Just about everything we involve ourselves in reflects choice: we decided to do or decided not to do. We can find a lot of excuses for not doing what the Lord commands us to do. But if we do not do those things, isn’t it a plain indictment that we really do not love the Lord or, at least, do not have the love for Him we ought? Our attitude toward God is going to have a very real and practical effect on how we live this life and, in consequence, where we abide in eternity. Our attitude shows up in our regard for what He says, that is, our regard for authority. Every conflict we face in life can be answered with this: “Will we do what God wants us to do or what we want to do?” Selfishness is the tap root of all sin. That makes crucifying our own will and having the Lord’s will of preeminent concern. Such an attitude should be reflected in a right disposition which will be followed by right decisions which lead to right deeds and produce right consequences.
Our decisions and deeds carry consequences that affect those about us. By our life, we tell all those around us where our priorities are. We are literally walking billboards. The way we live shows what is important to us. It says, “I recommend this or that way of life.” None of us live without influence, especially in the home. When our children see us living as we are, they are influenced. We are going to make deep marks upon them. If there are times we are not as concerned about pleasing God as we ought to be, then we should not be surprised that our children reason the same. If there are times we defer in priority to our own personal pleasure above serving God, then we should not be surprised they do the same. If we teach them by our example that under certain circumstances we don’t have any obligation to God, will they not follow our example?
But even more, every decision and deed does something to me. The decisions and deeds not only say something about me and my character but they also hurt. Every sin we countenance paves the way for others. Every sin we deliberately involve ourselves in becomes the launching pad of others. When David saw Bathsheba, he made a decision. He could have turned his head, but he choose to continue to look. Then came the lusting, then the sending, then the cohabiting, then the death of Uriah. All of these began with a look to lust, seemingly a little thing. That is where all fornication and all sin starts: with a heart set on having what is not rightfully ours. A forest set on fire by a match could have been snuffed out between the fingers, but it wasn’t. Evil thoughts could be snuffed out with first thought but left to simmer in the mind they lead to sinful fruition. Don’t we have volition to decide what we want to think about? This is best illustrated by the story of a bird that wanted to go South for the winter. The bird made a deal with a fox. The fox said, “I’ll lay a worm out for you every morning if you will leave me a feather in exchange.” The bird said, “Okay, sounds good.” The bird gets fatter and fatter and you know the end. Which feather was his undoing? The 3rd or the 10th? The 1st. If he hadn’t given it, he would not have given the 3rd or the 10th. We sometimes think little things are not going to hurt.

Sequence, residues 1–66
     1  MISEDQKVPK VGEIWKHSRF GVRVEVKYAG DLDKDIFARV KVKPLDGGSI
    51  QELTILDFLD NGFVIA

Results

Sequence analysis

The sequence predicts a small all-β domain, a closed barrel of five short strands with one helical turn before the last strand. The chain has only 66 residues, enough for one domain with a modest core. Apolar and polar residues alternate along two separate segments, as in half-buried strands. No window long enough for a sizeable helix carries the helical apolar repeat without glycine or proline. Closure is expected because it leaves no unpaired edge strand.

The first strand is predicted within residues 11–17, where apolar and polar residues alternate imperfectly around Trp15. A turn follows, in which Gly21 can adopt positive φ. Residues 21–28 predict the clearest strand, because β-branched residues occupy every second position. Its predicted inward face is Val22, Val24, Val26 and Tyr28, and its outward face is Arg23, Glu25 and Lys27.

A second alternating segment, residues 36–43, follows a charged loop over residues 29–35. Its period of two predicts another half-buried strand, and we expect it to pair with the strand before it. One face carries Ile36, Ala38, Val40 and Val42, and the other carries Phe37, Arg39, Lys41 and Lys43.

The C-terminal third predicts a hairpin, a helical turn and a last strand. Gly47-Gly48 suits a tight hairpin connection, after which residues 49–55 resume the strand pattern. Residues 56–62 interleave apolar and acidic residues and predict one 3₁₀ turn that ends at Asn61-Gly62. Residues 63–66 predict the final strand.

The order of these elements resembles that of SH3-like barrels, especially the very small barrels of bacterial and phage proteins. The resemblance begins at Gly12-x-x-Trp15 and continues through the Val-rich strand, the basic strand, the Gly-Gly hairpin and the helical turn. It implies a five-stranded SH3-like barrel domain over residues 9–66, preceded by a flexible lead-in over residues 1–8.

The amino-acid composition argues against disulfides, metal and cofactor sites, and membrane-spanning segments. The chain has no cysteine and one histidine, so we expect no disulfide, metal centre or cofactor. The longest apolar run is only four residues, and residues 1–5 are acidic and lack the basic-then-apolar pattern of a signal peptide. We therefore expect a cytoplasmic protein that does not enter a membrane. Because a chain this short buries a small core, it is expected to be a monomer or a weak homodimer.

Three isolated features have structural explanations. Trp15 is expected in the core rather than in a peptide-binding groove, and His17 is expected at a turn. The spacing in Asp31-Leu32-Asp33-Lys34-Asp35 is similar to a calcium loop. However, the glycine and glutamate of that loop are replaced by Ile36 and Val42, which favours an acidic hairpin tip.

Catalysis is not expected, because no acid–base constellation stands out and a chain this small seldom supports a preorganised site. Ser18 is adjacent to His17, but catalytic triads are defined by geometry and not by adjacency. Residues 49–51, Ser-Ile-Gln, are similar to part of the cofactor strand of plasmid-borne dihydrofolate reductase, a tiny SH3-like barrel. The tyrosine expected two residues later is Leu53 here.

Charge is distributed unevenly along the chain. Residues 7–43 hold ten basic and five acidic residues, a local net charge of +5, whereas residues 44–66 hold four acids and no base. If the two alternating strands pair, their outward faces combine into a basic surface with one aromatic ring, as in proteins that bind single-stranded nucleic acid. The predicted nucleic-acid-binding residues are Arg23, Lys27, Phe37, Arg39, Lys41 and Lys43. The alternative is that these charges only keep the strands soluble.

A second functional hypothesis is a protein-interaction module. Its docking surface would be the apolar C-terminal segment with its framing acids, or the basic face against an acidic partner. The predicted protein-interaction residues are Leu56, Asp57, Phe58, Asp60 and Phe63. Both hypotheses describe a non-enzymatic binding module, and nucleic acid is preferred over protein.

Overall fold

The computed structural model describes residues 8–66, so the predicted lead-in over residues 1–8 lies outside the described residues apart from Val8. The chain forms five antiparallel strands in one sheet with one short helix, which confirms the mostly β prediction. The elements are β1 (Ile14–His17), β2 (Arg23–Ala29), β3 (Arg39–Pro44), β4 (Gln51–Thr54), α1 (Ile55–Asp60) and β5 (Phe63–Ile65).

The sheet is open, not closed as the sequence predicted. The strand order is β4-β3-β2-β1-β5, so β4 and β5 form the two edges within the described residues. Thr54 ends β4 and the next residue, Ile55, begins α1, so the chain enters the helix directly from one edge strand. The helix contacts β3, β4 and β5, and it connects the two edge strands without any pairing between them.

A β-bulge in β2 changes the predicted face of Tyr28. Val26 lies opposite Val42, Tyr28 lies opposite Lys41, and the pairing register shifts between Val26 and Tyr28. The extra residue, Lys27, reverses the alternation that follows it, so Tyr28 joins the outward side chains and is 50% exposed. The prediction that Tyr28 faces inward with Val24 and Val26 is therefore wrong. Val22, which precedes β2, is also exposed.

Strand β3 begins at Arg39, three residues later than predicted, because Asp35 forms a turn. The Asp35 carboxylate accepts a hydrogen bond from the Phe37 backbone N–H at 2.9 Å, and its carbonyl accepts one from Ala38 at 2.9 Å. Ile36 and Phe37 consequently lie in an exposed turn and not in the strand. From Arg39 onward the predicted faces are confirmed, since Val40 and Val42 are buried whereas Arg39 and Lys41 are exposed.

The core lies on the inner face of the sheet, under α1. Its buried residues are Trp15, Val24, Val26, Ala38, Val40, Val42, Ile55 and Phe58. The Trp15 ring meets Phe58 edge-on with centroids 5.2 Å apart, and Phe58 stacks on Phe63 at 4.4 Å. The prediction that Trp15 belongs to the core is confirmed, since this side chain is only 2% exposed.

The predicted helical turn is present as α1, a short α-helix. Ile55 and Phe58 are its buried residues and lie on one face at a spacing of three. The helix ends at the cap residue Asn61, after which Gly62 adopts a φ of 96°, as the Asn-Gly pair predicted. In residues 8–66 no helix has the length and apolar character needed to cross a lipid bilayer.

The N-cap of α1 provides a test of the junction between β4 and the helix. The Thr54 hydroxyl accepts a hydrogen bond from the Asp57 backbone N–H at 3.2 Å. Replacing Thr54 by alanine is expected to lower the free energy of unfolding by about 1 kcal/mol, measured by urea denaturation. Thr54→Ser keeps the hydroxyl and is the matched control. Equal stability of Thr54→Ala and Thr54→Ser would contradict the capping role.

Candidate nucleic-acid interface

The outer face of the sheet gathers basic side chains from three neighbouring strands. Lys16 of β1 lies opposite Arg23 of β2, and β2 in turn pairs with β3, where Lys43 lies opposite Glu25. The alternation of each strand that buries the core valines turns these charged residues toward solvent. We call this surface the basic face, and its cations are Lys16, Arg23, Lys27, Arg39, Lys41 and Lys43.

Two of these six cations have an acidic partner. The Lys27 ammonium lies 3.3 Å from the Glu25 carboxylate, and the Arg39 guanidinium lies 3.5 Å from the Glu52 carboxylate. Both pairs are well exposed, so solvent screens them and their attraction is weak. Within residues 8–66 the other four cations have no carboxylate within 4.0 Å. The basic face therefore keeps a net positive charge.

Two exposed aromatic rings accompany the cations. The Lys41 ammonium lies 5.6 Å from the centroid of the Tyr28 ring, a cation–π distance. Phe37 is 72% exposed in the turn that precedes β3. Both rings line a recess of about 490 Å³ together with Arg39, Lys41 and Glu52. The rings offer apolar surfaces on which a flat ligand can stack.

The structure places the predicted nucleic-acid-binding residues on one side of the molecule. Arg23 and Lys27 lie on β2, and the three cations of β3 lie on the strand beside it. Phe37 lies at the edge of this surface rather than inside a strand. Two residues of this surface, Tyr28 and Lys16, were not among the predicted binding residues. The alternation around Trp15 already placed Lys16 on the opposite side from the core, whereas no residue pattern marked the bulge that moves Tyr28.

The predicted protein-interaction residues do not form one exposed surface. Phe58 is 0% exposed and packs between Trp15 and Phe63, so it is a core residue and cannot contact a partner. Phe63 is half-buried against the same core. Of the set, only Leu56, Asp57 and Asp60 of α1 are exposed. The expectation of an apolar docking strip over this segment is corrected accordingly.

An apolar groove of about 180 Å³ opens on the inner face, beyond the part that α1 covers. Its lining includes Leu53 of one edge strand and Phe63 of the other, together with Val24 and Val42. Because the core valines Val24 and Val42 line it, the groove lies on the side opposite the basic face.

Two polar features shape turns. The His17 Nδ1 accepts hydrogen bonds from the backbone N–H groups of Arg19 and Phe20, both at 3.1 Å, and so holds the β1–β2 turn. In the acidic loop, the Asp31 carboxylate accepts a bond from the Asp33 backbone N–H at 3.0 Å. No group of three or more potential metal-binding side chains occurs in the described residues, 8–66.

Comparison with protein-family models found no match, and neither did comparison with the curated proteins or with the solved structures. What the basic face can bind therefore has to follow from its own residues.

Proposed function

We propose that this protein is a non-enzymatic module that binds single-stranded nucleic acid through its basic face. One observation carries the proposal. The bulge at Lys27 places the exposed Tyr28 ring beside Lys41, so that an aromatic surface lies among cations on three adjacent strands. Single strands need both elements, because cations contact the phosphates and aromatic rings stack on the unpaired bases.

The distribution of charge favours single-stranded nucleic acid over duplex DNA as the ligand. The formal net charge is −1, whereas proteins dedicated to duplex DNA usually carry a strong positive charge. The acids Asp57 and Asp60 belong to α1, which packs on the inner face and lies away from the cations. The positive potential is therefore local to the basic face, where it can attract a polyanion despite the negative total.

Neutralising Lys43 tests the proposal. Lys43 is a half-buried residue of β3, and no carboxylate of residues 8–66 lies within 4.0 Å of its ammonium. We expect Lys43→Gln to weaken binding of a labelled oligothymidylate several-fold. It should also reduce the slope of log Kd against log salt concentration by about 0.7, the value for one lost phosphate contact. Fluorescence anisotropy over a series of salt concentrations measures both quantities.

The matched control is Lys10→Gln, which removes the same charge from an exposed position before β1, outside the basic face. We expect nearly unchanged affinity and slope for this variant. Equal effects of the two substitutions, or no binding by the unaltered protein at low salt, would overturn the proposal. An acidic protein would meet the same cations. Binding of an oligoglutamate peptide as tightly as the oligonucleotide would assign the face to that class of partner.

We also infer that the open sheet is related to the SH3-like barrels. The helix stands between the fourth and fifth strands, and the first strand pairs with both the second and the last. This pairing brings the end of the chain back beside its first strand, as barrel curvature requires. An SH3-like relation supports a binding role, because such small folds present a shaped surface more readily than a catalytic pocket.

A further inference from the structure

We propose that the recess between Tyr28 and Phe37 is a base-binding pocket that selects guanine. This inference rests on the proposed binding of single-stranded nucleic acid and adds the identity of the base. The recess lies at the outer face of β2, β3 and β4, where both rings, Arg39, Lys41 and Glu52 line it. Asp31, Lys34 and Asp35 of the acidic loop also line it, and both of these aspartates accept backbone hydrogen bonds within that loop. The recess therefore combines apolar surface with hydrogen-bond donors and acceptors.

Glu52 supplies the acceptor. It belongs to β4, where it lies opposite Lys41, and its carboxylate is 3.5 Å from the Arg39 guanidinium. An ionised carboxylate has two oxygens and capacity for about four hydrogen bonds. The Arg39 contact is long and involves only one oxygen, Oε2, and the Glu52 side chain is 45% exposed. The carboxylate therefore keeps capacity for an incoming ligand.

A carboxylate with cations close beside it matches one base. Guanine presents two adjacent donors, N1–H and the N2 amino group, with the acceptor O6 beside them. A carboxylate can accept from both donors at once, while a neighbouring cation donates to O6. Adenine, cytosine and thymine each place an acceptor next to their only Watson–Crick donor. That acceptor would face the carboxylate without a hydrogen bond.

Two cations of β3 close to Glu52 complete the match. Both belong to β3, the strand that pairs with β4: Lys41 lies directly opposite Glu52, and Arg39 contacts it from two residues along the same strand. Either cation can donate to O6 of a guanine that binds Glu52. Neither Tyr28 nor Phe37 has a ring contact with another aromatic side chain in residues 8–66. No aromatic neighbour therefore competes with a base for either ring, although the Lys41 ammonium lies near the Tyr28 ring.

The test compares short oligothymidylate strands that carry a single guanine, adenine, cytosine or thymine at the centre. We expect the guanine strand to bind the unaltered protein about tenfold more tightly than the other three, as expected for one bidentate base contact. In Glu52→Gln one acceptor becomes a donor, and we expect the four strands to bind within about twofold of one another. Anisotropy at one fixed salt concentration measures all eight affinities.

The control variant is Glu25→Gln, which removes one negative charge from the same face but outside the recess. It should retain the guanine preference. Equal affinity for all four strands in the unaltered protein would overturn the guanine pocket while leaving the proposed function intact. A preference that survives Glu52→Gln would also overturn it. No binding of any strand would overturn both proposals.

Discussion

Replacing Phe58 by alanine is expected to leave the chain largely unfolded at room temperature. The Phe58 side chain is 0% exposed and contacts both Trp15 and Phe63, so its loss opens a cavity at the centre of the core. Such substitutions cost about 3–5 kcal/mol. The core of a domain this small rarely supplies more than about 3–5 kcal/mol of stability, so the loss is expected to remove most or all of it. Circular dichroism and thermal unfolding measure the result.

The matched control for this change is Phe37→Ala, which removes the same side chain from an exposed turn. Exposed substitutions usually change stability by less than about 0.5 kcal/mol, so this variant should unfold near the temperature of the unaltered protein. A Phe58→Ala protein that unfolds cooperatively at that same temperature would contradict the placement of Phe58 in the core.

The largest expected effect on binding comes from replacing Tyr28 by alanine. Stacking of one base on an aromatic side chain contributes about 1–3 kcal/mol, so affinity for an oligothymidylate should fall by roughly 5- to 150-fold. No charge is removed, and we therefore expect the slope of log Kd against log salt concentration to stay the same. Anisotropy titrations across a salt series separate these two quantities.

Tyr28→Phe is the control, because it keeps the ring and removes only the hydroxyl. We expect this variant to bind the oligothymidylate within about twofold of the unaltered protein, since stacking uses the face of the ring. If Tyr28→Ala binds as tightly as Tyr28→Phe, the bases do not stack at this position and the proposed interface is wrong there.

Every decision and every deed says something about our character. We need to listen to the little things. They tell the attitude of the heart. “A straw will show which way the wind blows or which way the water flows.” There are a lot of little straws in our lives that indicate which way we are moving. Just take our attitude toward God. These little straws, choices, we make every day really reveal our regard for God. Do you recall the penalty for picking up sticks on the Sabbath? Death by stoning. But all a person did was pick up sticks on the Sabbath. We make the mistake of looking at the little sticks and not the great sovereign God that said, “Don’t do it.” The problem is we rationalize and forget about the authority of God. “God said” is what makes picking up sticks big and important. God said, “He that believeth and is baptized shall be saved, he that believeth not shall be damned” (Mk. 16:16). Some might say, “No big deal.” What does going under water have to do with being right with God? God said it! Therefore, we do not discount what God said and opt for what we want to do.
Every moment of our lives the decisions we make and deeds that follow demonstrate our regard for God and His word. Our manner of life and our treatment of others both reflect on our esteem for God. That is inescapable. May God grant us the wisdom to remember that every little decision we make carries eternal consequences.
by Rickie Jenkins